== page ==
How to Use Your Lawyer and How Not To

Recently, Ramon’s business was involved in a long, drawn out negotiation over a contract. At a meeting involving him and the principals of XYZ Corporation, the attorneys for XYZ took an aggressive posture regarding certain provisions that Ramon and his lawyer insisted should be mutual. The executives of XYZ, supposedly leading the discussion, were relatively mute, as XYZ’s attorneys aggressively grilled Ramon.

Ramon and his counsel were incensed and, in a separate conversation with the CEO of XYZ, Ramon threatened to walk away from negotiations.  Ultimately, Ramon and his business counterparts at XYZ got together (without the attorneys) and resolved the significant business issues; the legal issues ended up resolving themselves.

Ramon’s experience reminds me of an important aphorism that I frequently cite to clients: “Attorneys don’t cut deals; principals do.” A common problem encountered by business persons vis a vis their legal counsel is their uncertainty about the role that said legal counsel should play in their business’s decision making and the level of participation that should be expected of counsel in discussions with potential clients and business partners.

As a touchstone to addressing this issue, it is important for readers to understand that attorneys are only competent to render legal advice—not business advice. The line between business advice and legal advice is often blurred. You probably know more about your business than your lawyer does, law degree or not. There is a clear danger to business clients who defer to their counsel without establishing guidelines about the scope of their authority:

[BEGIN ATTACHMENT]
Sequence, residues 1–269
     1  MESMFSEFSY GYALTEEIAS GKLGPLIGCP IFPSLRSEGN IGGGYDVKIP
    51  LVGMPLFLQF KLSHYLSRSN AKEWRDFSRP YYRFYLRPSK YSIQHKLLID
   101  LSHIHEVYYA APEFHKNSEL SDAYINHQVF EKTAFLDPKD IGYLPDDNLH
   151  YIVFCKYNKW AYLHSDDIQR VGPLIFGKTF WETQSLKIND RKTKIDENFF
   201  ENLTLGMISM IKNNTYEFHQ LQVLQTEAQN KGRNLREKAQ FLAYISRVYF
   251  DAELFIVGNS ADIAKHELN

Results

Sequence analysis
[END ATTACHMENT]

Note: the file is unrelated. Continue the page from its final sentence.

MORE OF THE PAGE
• Lawyers, being legal specialists, are more likely to emphasize the importance of legal considerations over business considerations, which can skew judgment in a negotiation where business considerations should dominate. Is it critical for a client to insist on a mutual confidentiality provision? Such issues over framing and language may well require compromise when considering the business goals. In short, the importance of getting the legal language right may well depend on the context. Not all legal differences between parties are necessarily important enough to warrant tooth and tong battles.
  • Lawyers rarely resolve disputes without guidance from their clients. Left to their own devices, lawyers are more likely to draw out negotiations in trying to extract maximum concessions from the other side. This is because, under American law, a lawyer is commonly viewed as a gladiator for the client’s interests and expected to try to win legal points when possible. While vindicating client interests is laudable, it also can result in negotiations becoming endless pitched battles between opposing counsel. It is important for the client to understand the limits of this “take no prisoners approach” and to grab the reins from an overzealous lawyer so that the deal can be completed.
  • Deferring the responsibility for leading negotiations to counsel can also inhibit the development of a sense of common purpose among the principals and their agents who will need to be able to rely on, and have confidence in, each other’s capacities long after the contract is signed and the attorneys have moved on to other work. Battling over legal issues that may not be that critical can also poison the chalice of good will from the outset, introducing an exaggerated sense of wariness that can inhibit future trust and cooperation.